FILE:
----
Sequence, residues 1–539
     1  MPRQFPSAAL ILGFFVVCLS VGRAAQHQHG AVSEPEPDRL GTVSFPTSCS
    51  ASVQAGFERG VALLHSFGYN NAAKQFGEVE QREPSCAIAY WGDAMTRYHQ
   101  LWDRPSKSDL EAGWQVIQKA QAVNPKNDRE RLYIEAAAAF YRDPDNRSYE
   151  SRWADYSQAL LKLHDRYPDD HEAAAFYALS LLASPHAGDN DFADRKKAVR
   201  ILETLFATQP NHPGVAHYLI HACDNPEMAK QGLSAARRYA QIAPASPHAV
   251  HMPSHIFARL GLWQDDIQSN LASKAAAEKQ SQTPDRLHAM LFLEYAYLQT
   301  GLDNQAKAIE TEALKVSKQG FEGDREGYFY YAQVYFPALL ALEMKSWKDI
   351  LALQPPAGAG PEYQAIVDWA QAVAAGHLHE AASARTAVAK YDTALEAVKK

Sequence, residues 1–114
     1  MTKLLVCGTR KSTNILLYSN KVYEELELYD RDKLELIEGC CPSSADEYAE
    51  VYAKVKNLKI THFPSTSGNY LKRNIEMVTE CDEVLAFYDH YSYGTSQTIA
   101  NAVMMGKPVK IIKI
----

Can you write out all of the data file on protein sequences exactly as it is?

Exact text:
Sequence, residues 1–539
     1  MPRQFPSAAL ILGFFVVCLS VGRAAQHQHG AVSEPEPDRL GTVSFPTSCS
    51  ASVQAGFERG VALLHSFGYN NAAKQFGEVE QREPSCAIAY WGDAMTRYHQ
   101  LWDRPSKSDL EAGWQVIQKA QAVNPKNDRE RLYIEAAAAF YRDPDNRSYE
   151  SRWADYSQAL LKLHDRYPDD HEAAAFYALS LLASPHAGDN DFADRKKAVR
   201  ILETLFATQP NHPGVAHYLI HACDNPEMAK QGLSAARRYA QIAPASPHAV
   251  HMPSHIFARL GLWQDDIQSN LASKAAAEKQ SQTPDRLHAM LFLEYAYLQT
   301  GLDNQAKAIE TEALKVSKQG FEGDREGYFY YAQVYFPALL ALEMKSWKDI
   351  LALQPPAGAG PEYQAIVDWA QAVAAGHLHE AASARTAVAK YDTALEAVKK

Sequence, residues 1–114
     1  MTKLLVCGTR KSTNILLYSN KVYEELELYD RDKLELIEGC CPSSADEYAE
    51  VYAKVKNLKI THFPSTSGNY LKRNIEMVTE CDEVLAFYDH YSYGTSQTIA
   101  NAVMMGKPVK IIKI